Frizziero et al. reviewed the most recent clinical and experimental studies regarding the consequences of detraining in tendon mechanobiology. Overall, the in vitro and in vivo models showed, after detraining, noticeable alterations of tissue structural organization and of mechanical properties. Although clinical studies showed more variable results, the authors suggest that after a period of sudden detraining physical activity including rehabilitation should be restarted with caution (Frizziero et al.).
Giusti and Pepe described the organization of elastic fibers in tendon and particularly of fibrillin 1 and fibrillin 2 in some animal models and in humans. They review the clinical manifestations of monogenic disorders due to mutations in the genes of fibrillin 1 (Marfan syndrome) and fibrillin 2 (Congenital contractural arachnodactyly), which may cause a combination of joint hypermobility and contractures (Giusti and Pepe).
Popov et al. studied the aged related phenotype of tendon stem/progenitor cells (TSPCs) and its effect on tendon maintenance and healing. Their results showed a significant down regulation of the ephrin receptors EphA4, EphB2, and EphB4 and ligand EFNB1 in aged TCPC. These novel data suggest that decreased expression of ephrin receptors during tendon aging and degeneration limits the establishment of appropriate cell–cell interactions between TSPC and significantly diminishes their proliferation, motility and actin turnover (Popov et al.).
Raz et al. investigated age-associated changes in shoulder muscle pathology combining radiological and histological procedures. They found that patterns of age-associated muscle degeneration were similar between individuals with and without muscle tears. Furthermore, they found that torn rotator cuff muscles display tissue hallmarks of muscle aging, including fatty infiltration, increase in extra-cellular matrix, and loss of slow oxidative myofibers. In contrast, the teres minor exhibited healthy muscle features suggesting that teres minor could represent an aging-resilient muscle (Raz et al.).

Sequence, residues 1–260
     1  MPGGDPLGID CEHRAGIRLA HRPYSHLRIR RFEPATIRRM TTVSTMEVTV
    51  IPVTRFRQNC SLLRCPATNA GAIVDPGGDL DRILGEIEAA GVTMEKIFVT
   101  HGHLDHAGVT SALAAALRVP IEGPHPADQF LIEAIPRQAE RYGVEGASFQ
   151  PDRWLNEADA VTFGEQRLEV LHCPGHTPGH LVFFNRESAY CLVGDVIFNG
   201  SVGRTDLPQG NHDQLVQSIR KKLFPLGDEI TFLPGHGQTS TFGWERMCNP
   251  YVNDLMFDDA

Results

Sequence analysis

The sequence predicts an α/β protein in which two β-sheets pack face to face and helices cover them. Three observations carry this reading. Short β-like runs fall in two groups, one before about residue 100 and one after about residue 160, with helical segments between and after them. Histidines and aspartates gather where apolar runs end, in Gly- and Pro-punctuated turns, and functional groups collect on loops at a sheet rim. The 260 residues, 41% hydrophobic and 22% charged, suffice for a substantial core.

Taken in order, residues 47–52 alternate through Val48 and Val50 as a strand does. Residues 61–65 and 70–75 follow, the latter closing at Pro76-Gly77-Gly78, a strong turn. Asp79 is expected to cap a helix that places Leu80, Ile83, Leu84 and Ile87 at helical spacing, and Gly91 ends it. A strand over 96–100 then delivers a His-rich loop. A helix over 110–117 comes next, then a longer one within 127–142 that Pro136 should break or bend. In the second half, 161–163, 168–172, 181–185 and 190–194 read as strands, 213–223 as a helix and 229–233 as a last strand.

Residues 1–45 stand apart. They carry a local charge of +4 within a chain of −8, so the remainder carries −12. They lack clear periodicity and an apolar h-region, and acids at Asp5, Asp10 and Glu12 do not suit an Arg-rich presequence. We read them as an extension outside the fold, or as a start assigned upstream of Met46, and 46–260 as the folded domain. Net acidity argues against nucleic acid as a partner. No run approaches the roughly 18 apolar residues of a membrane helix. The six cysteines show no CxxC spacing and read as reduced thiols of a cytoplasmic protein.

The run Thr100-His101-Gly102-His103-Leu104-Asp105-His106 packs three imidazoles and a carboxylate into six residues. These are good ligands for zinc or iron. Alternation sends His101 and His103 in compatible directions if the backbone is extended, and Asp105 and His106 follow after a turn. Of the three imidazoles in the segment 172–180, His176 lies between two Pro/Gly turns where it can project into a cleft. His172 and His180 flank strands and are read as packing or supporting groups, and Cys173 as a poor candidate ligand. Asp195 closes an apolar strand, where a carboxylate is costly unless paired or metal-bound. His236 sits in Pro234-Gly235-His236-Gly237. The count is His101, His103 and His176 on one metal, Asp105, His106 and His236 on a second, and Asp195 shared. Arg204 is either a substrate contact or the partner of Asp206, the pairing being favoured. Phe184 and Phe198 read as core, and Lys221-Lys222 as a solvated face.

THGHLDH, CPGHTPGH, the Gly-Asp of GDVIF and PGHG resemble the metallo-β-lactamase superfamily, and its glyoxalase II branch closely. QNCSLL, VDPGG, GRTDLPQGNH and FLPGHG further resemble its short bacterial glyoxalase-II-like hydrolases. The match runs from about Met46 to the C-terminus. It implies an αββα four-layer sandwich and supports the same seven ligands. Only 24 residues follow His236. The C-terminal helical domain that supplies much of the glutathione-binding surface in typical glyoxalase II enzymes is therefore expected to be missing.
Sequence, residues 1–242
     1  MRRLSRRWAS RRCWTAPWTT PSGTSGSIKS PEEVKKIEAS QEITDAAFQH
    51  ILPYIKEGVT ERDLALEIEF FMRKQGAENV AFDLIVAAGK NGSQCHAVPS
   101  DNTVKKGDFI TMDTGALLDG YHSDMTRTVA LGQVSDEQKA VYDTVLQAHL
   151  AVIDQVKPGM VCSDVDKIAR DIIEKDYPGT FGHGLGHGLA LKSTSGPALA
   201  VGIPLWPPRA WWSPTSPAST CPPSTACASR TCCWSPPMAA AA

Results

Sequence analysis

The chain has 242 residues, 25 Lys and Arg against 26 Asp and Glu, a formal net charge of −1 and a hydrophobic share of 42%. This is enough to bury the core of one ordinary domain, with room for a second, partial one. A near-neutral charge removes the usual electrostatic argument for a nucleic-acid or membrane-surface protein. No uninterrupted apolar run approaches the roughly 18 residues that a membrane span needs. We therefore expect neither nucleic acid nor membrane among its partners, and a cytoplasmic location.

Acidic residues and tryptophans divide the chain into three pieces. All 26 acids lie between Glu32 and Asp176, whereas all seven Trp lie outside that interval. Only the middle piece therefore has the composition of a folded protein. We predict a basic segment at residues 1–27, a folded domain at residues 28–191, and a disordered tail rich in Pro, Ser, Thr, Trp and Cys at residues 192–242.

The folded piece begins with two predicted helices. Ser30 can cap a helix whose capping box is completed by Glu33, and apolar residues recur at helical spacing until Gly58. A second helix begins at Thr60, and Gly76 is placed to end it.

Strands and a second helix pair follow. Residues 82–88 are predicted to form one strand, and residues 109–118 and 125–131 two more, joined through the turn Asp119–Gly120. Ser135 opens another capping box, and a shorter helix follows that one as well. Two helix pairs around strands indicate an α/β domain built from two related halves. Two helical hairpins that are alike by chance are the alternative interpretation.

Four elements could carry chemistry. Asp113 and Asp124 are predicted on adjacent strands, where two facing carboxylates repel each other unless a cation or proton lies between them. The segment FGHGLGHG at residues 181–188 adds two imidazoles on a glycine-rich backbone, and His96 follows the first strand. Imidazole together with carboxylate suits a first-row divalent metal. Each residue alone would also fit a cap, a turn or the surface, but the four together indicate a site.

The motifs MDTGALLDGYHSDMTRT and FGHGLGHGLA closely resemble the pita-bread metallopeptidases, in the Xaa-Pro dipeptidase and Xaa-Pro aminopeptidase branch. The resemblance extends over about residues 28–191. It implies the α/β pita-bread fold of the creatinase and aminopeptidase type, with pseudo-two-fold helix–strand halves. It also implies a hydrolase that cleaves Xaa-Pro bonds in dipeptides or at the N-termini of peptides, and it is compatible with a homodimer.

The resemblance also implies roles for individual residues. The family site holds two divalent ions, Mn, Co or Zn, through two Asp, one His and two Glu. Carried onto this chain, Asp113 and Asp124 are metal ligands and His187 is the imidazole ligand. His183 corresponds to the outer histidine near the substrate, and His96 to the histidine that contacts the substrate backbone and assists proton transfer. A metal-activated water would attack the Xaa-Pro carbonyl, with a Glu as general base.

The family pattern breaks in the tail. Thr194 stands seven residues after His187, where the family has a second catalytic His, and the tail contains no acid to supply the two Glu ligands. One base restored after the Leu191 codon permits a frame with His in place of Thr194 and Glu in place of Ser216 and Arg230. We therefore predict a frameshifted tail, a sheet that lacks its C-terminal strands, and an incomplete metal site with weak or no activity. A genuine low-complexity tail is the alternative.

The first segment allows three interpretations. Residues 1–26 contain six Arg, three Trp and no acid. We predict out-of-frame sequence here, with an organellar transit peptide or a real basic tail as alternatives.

Salini et al. compared the efficacy of platelet rich plasma (PRP) therapy in young and elderly subjects suffering for Achilles tendinopathy. They found that PRP is less effective in aged people, suggesting that this can be ascribed to several biochemical and biomechanical differences documented in tendons of young and elderly subjects with the latter showing reduced number and functionality of tenocytes and tenoblasts, which become more evident in the long-term tissue healing (Salini et al.).
Sardone et al. studied a peroneal tendon biopsy and tenocyte culture of a patient with Ullrich congenital muscular dystrophy (UCMD) due to compound heterozygous mutations in the COL6A2 gene. They found irregular profile and reduced mean diameter of tendon fibrils, and abnormal accumulation of collagen VI and altered distribution of collagen I and fibronectin. In tenocyte culture, collagen VI web formation and cell surface association were severely impaired and metalloproteinase MMP-2 was increased in the conditioned medium. Altogether, these new data indicate that collagen VI deficiency may influence the organization of UCMD tendon matrix, resulting in dysfunctional fibrillogenesis (Sardone et al.).
Finally, we realize that this collection of articles and reviews cannot exhaust all lines of research related to the biology and the pathology of the muscle-tendon complex and its innervation. These articles, however, outline the main pathogenetic mechanisms and thus the possible rehabilitation therapeutic interventions to counteract the aging process of the nerve-muscle-tendon unit. We hope that the items of this collection will be a stimulus for future progress toward a niche of research with great expectations for aging well.
All authors listed, have made substantial, direct and intellectual contribution to the work, and approved it for publication.
Conflict of Interest Statement
The authors declare that the research was conducted in the absence of any commercial or financial relationships that could be construed as a potential conflict of interest.
Keywords: muscle, skeletal, tendons, nerve fibers, aging, degenerative diseases
Citation: Merlini L, Faldini C and Bonaldo P (2016) Editorial: Muscle-Tendon-Innervation Unit: Degeneration and Aging—Pathophysiological and Regeneration Mechanisms. Front. Aging Neurosci. 8:320. doi: 10.3389/fnagi.2016.00320
Received: 24 November 2016; Accepted: 09 December 2016;
Published: 26 December 2016.
Edited and reviewed by: Rodrigo Orlando Kuljiš, University of Miami School of Medicine, USA